Monsanto was quick to denounce the IARC report as "a dramatic departure from the conclusion reached by all regulatory agencies around the globe," but the regulatory agencies have long since been captured by the pesticide industry, which supplies the reports which are recycled in the regulatory process. Regulatory agencies routinely refuse to disclose the information they base their conclusions and decisions on, citing "commercial secrecy".

Glyphosate's authorization in the European Union, for example, is currently up for review. Last year Germany, the country responsible for the renewal assessment report, submitted a positive assessment written by the Federal Institute for Risk Assessment drawn from material prepared by… the Glyphosate Task Force (GTF), a "consortium of companies joining resources and efforts in order to renew the European glyphosate registration with a joint submission". Efforts by NGOs to force both the European Food Safety Agency and the German regulatory agencies to release their material on the long-term toxicity of glyphosate have been consistently rejected, despite a 2013 ruling by the European Court of Justice ordering full disclosure (the European Commission appealed). On the basis of these secret reports, Germany has also recommended that Europe follow the United States in increasing allowable glyphosate exposure levels.

The massive application of toxic pesticides is not only generating pesticide-resistant weeds, locking the food system - and the planet - into a treadmill of greater applications and increasingly toxic biocide formulations. Only days after the WHO report was published, a study in the journal of the American Society for Microbiology linked a trio of pesticides - glyphosate, 2,4-D and dicamba - to increased antibiotic resistance in E-coli and salmonella bacteria, two pathogens which have increasingly invaded the hyper-industrialized food system, killing and sickening thousands of people annually. The pesticide treadmill and its superweeds are linked to the antiobiotic treadmill and anti-biotic resistant super-pathogens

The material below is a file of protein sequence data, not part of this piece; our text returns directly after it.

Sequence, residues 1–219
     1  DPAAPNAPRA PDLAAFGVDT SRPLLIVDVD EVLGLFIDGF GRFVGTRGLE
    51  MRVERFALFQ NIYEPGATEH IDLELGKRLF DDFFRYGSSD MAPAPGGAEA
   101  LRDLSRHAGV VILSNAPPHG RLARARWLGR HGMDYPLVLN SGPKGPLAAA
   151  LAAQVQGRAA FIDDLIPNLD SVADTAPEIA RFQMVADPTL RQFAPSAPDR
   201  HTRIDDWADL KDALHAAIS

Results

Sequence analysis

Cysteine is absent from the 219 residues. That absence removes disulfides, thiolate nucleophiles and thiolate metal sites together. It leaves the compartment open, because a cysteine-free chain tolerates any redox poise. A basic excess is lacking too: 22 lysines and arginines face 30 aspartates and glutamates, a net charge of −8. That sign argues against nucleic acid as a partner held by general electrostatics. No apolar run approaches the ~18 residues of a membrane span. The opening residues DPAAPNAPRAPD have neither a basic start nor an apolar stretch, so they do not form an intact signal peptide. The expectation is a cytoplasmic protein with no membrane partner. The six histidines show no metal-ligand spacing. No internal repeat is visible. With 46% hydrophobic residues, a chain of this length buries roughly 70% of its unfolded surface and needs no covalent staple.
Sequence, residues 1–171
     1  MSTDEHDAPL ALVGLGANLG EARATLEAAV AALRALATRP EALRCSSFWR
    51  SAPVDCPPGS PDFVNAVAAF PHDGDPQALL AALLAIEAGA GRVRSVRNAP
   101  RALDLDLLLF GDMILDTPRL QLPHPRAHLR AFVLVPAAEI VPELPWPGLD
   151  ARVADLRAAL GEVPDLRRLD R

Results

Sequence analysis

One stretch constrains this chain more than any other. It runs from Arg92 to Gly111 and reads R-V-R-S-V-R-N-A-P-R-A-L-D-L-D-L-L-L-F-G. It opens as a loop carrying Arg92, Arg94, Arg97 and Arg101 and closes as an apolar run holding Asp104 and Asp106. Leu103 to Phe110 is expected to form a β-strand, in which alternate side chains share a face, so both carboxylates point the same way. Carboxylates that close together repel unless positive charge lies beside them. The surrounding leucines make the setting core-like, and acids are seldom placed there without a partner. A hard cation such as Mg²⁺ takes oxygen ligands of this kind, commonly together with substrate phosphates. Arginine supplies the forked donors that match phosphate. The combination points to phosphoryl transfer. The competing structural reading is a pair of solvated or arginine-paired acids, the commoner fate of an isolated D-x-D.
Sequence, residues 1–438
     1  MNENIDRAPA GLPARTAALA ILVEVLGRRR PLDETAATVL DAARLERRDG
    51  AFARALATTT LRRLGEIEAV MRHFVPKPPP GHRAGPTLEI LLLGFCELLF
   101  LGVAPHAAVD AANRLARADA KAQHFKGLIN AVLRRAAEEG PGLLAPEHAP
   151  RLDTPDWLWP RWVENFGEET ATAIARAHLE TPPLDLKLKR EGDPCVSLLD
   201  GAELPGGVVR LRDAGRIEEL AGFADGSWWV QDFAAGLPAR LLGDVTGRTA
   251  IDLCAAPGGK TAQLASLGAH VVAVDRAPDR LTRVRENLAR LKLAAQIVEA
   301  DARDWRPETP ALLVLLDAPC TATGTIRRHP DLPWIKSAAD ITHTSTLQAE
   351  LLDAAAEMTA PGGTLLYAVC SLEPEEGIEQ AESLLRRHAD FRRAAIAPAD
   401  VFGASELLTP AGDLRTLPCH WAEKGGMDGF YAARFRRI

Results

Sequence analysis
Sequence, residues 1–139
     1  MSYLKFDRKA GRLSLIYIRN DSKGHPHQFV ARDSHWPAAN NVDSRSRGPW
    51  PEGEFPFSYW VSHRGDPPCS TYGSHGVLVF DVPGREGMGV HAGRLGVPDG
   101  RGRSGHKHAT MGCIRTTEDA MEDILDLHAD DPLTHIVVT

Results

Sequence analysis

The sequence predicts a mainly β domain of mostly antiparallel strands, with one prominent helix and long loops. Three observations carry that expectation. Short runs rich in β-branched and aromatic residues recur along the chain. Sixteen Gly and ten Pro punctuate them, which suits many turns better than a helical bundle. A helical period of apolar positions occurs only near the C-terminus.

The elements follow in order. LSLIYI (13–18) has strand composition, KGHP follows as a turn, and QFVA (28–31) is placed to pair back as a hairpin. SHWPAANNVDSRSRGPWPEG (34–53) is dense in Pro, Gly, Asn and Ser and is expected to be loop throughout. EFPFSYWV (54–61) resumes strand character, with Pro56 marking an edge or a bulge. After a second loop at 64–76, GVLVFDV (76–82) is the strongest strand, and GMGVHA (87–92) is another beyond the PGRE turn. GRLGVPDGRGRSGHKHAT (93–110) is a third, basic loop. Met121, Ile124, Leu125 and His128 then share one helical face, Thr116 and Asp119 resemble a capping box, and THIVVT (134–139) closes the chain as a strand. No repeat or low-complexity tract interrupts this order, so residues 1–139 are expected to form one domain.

There is a proven alternative to saturating crops and agricultural workers with chemical toxins which place worker and consumer health and the food system itself at risk. The alternatives to hyper-intensive, chemically-dependent monocultures include multicropping, mixed farming and rotational systems which use catch and cover crops for non-chemical pest control. These methods preserve biodiversity, enrich the soil, conserve soil and water and can produce more food per unit of land than farms (and farmworkers) drenched in vast amounts of Roundup, Xtend and Enlist. They do not depend on patented intellectual copyrights. With proper support, they can generate socially and environmentally sustainable rural employment. The two projects are linked through the nexus which unites food rights with the rights of food workers.

Glyphosate, particularly in its Roundup formulations, has been promoted by its makers as not merely safe, but as environmentally beneficial, e.g.in connection with no-till cultivation (which does not in fact require pesticides). The WHO report challenges the industry narrative, and it should be used to challenge efforts to promote glyphosate as a safe alternative to paraquat, the highly toxic herbicide which the IUF and other groups have for many years been seeking to ban.

Will the WHO withstand the pressure of the pesticide lobby? Much depends on the public response, which also means defeating moves to lower regulatory standards through agreements like the EU-US Transatlantic Trade and Investment Partnership (TTIP). The biotech/pesticide lobby in both Europe and the US want to use this instrument to eliminate all GM requirements, including contamination threshold levels. The sudden spotlight on glyphosate, and growing awareness of the threat to food safety contained in TTIP and similar trade and investment agreements, can help catalyze a broader movement to fundamentally transform the food system. Unions should be at the head of the movement.